Thursday, February 4, 2016

Election Year in a Polarized America

Here we are in another Presidential election year.  But unlike past primaries, this year's race has a much different feel with the candidates, the issues, the tone of the speeches.  
Rejection of Establishment Politics:  On both sides, we see a rejection of the establishment parties.  It seems all the Republicans are running as outsiders, railing against Washington and the press.  We hear Donald Trump, unencumbered by anything "politically correct," saying what no Presidential candidate has ever said, reflecting the latent racism, misogamy, and fear of foreigners of his loyal followers.  And on the left, Bernie Sanders is a self-defined socialist, railing against Wall Street and capitalism in general.
No Middle Ground:  Listening to supporters on each side, there seems to be no middle, no chance that any good can come from the other side.  The right believes a Democrat in the Oval Office means they are coming for their guns, the borders will be porous allowing in all forms of criminals and terrorists, and the economy is going to hell.   The left believes a Republican will put the country in reverse, reversing a women's right to choose, disenfranchising minorities, and enacting policies that benefit the rich as the expense of the poor and middle class.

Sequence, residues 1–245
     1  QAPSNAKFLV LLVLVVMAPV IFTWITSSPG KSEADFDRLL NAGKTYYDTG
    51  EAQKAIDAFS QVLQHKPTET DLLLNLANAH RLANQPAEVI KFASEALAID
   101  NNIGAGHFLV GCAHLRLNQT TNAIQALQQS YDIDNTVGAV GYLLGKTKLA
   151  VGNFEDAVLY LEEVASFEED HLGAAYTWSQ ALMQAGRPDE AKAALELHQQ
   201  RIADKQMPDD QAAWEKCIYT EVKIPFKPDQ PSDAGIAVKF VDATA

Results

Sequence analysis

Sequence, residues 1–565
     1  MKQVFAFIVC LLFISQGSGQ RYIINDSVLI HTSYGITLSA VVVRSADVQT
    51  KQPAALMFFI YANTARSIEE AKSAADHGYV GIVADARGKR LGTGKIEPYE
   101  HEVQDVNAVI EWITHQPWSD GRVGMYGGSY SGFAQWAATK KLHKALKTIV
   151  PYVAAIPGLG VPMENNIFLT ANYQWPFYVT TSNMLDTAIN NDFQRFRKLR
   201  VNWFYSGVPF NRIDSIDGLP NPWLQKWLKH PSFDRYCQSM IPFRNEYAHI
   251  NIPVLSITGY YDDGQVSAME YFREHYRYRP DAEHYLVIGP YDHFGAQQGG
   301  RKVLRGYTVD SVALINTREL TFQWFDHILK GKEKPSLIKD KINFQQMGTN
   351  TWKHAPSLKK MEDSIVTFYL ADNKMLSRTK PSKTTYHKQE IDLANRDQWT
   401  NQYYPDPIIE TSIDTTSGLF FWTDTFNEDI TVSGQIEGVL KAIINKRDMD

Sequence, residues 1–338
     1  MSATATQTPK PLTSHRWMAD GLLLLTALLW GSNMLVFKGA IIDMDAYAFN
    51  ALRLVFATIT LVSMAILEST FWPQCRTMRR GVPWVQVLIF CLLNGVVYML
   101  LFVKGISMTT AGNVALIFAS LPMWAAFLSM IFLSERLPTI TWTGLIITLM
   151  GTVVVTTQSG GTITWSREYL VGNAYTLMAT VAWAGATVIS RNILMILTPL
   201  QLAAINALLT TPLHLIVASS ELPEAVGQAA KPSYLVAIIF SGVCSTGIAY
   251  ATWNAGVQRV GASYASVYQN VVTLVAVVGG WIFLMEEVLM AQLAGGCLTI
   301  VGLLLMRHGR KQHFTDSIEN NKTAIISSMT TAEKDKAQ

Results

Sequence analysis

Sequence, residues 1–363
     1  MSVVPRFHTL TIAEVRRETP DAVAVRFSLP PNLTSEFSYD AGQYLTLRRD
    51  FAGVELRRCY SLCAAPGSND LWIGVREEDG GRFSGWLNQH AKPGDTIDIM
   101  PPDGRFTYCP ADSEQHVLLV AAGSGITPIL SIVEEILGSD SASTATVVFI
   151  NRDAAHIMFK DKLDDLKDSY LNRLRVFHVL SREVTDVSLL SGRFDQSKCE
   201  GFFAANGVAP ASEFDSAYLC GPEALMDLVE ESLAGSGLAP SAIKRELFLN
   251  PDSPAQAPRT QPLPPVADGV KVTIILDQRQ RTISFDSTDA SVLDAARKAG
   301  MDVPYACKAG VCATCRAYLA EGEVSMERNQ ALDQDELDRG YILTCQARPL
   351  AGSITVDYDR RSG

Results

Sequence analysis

This time around, there seems to be a more urgent sense that they can't let the other side win, or it will be a disaster.
Now the primaries inherently play to the base of each party, to the hard core, if you will.  So, the questions is who will be the winners in each party?  And will it be possible for them to play to the middle, or will the general election further polarize the country?

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